Robust Biosimilars Market Could Save U.S. Taxpayers $7 Billion Annually, New Analysis Finds
Simple Policy Solutions Could Promote Biosimilar Use, Save Billions
WASHINGTON — U.S. taxpayers and the health care system at-large could save up to $7 billion annually with a stronger, more competitive biosimilars market, a substantial increase from the current annual cost-savings of $240.4 million, according to a new analysis.
The analysis, conducted by Pacific Research Institute’s Wayne Winegarden, PhD, found that if biosimilars obtained 75% market share, federal savings would be $7.0 billion annually; state Medicaid programs would save $1.2 billion annually, and commercial payers would save $3.3 billion annually.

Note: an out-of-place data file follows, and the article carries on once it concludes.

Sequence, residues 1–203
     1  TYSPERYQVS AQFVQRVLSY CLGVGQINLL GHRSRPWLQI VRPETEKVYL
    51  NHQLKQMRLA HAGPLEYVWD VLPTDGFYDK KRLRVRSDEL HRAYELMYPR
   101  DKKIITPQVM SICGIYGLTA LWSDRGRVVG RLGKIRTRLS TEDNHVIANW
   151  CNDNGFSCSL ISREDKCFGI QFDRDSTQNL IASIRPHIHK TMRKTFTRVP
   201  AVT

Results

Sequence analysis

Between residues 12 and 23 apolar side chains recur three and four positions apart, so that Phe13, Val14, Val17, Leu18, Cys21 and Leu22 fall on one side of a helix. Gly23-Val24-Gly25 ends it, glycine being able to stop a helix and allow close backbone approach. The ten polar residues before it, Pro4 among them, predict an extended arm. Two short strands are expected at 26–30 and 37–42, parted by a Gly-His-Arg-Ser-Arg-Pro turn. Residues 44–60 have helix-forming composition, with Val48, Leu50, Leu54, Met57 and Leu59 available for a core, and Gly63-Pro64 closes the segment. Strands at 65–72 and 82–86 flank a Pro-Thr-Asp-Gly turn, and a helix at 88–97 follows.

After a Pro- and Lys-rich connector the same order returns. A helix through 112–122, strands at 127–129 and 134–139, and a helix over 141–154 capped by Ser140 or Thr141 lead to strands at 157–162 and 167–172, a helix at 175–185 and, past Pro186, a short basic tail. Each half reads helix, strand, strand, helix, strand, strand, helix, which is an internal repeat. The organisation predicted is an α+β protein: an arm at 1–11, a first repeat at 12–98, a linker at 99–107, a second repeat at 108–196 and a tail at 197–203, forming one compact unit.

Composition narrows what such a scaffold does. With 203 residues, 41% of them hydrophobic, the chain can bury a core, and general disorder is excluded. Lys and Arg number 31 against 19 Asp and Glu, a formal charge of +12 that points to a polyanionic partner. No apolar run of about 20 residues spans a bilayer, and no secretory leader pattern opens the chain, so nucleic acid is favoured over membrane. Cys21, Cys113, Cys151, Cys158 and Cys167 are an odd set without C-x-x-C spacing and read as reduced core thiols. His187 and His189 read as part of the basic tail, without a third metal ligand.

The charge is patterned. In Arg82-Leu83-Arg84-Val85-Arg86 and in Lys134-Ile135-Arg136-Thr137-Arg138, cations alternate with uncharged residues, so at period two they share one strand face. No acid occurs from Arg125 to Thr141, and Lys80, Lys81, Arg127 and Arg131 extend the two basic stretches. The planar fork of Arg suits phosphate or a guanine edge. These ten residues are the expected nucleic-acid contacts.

Study after study shows that patients and taxpayers could save billions if a stronger and more competitive biosimilars market were to materialize — if only simple reforms were passed to remove anti-competitive barriers,” said Juliana Reed, President of the Biosimilars Forum. “With the government spending trillions in response to COVID-19, it’s even more pressing to reduce spending wherever we can. It’s time we look to the biosimilars market.
Employers and the government, Winegarden suggests, should pursue policy changes that “correct currently ineffective regulatory policies, promote greater education of the benefits that biosimilars offer, and eliminate adverse market incentives that discourage biosimilar use.”
Congress has recognized the cost-saving attributes of biosimilars with several bipartisan proposals introduced in the House and Senate. These policies can increase access to and use of biosimilars — providing direct cost savings throughout the health care system.